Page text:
Anti-Bias Curriculum
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Originally Created by Louise DermanSparks and the A.B.C. Task Force
(1989)
Additional information infused by Pam
Guerra-Schmidt
Revised Feb. 22, 2012
Origin of Anti-Bias
Approach
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Multiculturalism
– Learn basic facts about different cultures Not infused through
year but on specific days-tourist approach
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Born from multicultural movement; some felt not enough
to address social problems in education
– Wanted to explore the whys:
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Why only some cultures represented (sometimes mostly focused on
art, dress, food and not origin, so knowledge may be more
superficial)
Why people of certain ethnicities and classes may have greater
challenges in the area of social advantages (homes, cars, etc.),
higher education
Origin/Anti-Bias
Approach
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Credit – works of Louise Derman-Sparks &
ABC Task Force, Washington DC: National
Association for the Education of Young
Children
Focus – social and cultural context in which
children grow and learn
Work-provides a foundation:
– Understanding how children acquire bias
– Offers teachers strategies for countering this
developing bias
Equity
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Describes the goal of a movement to
ensure a fair share of resources
The goal of cultural-equity organizing
is to redress and correct historic
imbalances
Social Justice
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Refers to a worldview that calls for
equality of consideration for all
members of a society (see slide with
diversity concepts)
Recognizes inalienable rights and
adheres to what is fair, honest, and
moral.
What children know
about differences
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Children are aware of differences in color, language, gender, and
physical ability at a very young age.
Numerous research studies about the process of identity and attitude
development conclude that children learn by observing the
differences and similarities among people and by absorbing the
spoken and unspoken messages about those differences.
The biases and negative stereotypes about various aspects of human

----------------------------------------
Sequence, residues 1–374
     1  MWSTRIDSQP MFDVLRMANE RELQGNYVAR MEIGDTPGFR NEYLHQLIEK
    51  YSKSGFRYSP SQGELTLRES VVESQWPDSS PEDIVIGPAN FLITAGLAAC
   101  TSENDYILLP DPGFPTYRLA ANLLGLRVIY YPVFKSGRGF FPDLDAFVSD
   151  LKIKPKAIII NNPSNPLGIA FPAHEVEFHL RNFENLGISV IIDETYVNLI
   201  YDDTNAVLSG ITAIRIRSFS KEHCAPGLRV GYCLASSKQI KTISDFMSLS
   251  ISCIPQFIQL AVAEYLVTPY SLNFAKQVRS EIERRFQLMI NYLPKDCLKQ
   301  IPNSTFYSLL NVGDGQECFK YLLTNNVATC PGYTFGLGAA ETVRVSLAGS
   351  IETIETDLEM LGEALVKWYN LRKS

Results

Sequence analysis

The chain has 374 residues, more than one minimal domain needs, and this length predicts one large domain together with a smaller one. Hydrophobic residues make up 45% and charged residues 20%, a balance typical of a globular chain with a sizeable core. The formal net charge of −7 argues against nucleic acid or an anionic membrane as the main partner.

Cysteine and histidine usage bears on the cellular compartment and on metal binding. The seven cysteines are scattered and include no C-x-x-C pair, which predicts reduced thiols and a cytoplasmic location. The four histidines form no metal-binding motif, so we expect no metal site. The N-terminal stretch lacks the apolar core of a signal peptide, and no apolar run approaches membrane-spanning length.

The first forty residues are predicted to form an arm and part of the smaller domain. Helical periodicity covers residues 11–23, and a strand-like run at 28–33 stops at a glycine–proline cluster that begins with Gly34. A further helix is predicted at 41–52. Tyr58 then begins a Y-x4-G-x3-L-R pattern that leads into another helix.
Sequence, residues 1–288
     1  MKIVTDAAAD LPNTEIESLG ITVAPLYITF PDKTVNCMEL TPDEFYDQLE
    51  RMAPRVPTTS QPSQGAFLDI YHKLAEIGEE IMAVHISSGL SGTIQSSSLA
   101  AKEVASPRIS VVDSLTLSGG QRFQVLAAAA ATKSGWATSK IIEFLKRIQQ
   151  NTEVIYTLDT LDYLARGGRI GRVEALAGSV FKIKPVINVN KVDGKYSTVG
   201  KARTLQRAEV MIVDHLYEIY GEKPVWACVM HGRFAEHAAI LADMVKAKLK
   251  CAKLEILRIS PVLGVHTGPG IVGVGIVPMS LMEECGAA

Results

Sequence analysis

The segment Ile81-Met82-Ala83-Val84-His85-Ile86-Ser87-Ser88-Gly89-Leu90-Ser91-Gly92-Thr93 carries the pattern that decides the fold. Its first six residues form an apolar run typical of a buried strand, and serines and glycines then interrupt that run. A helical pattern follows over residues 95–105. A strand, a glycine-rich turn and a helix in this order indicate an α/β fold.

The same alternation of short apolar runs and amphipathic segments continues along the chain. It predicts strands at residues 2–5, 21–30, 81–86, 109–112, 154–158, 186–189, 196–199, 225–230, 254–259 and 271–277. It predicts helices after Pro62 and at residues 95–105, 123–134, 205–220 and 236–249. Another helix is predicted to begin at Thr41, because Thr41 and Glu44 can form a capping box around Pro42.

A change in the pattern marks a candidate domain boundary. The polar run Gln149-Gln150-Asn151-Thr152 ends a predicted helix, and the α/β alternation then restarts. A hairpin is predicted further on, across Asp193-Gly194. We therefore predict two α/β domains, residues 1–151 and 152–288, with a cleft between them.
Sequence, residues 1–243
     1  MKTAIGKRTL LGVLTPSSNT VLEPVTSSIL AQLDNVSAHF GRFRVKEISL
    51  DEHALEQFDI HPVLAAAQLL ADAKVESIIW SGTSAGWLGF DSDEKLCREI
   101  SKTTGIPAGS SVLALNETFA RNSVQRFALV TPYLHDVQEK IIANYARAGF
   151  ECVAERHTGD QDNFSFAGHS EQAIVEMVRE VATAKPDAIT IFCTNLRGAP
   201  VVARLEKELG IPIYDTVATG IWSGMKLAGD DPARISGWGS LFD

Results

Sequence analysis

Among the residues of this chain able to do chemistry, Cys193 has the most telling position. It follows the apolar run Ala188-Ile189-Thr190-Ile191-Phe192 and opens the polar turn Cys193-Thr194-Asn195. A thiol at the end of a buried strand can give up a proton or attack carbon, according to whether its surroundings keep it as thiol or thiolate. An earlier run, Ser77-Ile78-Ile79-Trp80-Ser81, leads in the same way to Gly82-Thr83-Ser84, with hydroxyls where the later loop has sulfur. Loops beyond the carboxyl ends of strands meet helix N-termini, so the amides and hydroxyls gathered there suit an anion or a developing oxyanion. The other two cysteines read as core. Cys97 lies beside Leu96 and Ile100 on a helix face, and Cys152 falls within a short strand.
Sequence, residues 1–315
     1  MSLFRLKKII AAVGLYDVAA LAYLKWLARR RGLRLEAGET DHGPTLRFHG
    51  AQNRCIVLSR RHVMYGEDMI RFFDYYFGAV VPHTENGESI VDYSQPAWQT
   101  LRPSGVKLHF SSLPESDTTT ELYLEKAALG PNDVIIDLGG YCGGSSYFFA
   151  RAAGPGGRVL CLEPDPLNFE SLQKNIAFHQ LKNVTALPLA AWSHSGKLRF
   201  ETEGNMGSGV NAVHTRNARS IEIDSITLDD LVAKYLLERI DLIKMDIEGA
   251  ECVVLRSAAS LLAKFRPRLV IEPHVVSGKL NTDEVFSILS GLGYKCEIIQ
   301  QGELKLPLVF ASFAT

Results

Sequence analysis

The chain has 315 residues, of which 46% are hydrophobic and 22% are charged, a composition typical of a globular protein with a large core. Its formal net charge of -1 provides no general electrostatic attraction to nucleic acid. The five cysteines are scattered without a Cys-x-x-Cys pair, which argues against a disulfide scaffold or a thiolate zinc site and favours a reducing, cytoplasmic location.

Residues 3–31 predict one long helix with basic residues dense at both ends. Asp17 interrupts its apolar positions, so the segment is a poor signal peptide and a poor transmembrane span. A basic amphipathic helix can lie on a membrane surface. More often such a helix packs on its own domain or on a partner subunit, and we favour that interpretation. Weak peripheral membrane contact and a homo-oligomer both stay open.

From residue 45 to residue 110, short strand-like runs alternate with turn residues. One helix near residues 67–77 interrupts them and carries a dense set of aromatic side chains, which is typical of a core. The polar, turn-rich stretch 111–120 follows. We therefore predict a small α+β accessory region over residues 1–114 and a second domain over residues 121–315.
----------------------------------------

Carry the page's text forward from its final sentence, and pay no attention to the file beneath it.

diversity prevalent in our society undercut all children's healthy
development and ill-equip them to interact effectively with many
people in the world.
Consequently, anti-bias curriculum seeks to nurture the development
of every child's fullest potential by actively addressing issues of
diversity and equity in the classroom.
Diversity
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The dimensions of differences found in
groups of people
People create inaccurate assumptions about
a group which leads to:
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Stereotyping
Prejudice
Discrimination
Unfair treatment
Negative attitudes
Diversity Concepts
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Gender
Race and Ethnicity
Language
Economic Class
Religion/Spiritual
Beliefs
Family
Immigration Status
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Age
Sexual Orientation
Physical
Characteristics
Physical Abilities
Culture
Body Size
Education
Acceptance of Diversity
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“instead of differences being viewed
as negative, they are seen as
strengths, adding more flavor to life,
allowing all to contribute in unique
ways” (All About ITERS-R, p. 299).
What is Needed for
Anti-bias Approach
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Belief in the value of human diversity and
the fair treatment of all people prerequisite for doing anti-bias work.
Motivation to raise awareness of bias and
reduce bias.
Four Goals of Anti-Bias
Approach
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Goal 1: Nurture the construction of a
knowledgeable, confident identity as an
individual and as a member of multiple
cultural groups (such as gender, race,
ethnicity, or class.)
- Materials in a classroom; black paints on easel,
dolls of at least 3 races
– No non-sexist images: go beyond historical or
traditional roles
– Staff use some words in different languages to
talk about routines
– Music from various cultures
Goals-continued
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Goal 2: Promote comfortable, empathetic
interaction with people from diverse
backgrounds.
– Classroom Ideas:
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Items are seen in the room most of the time.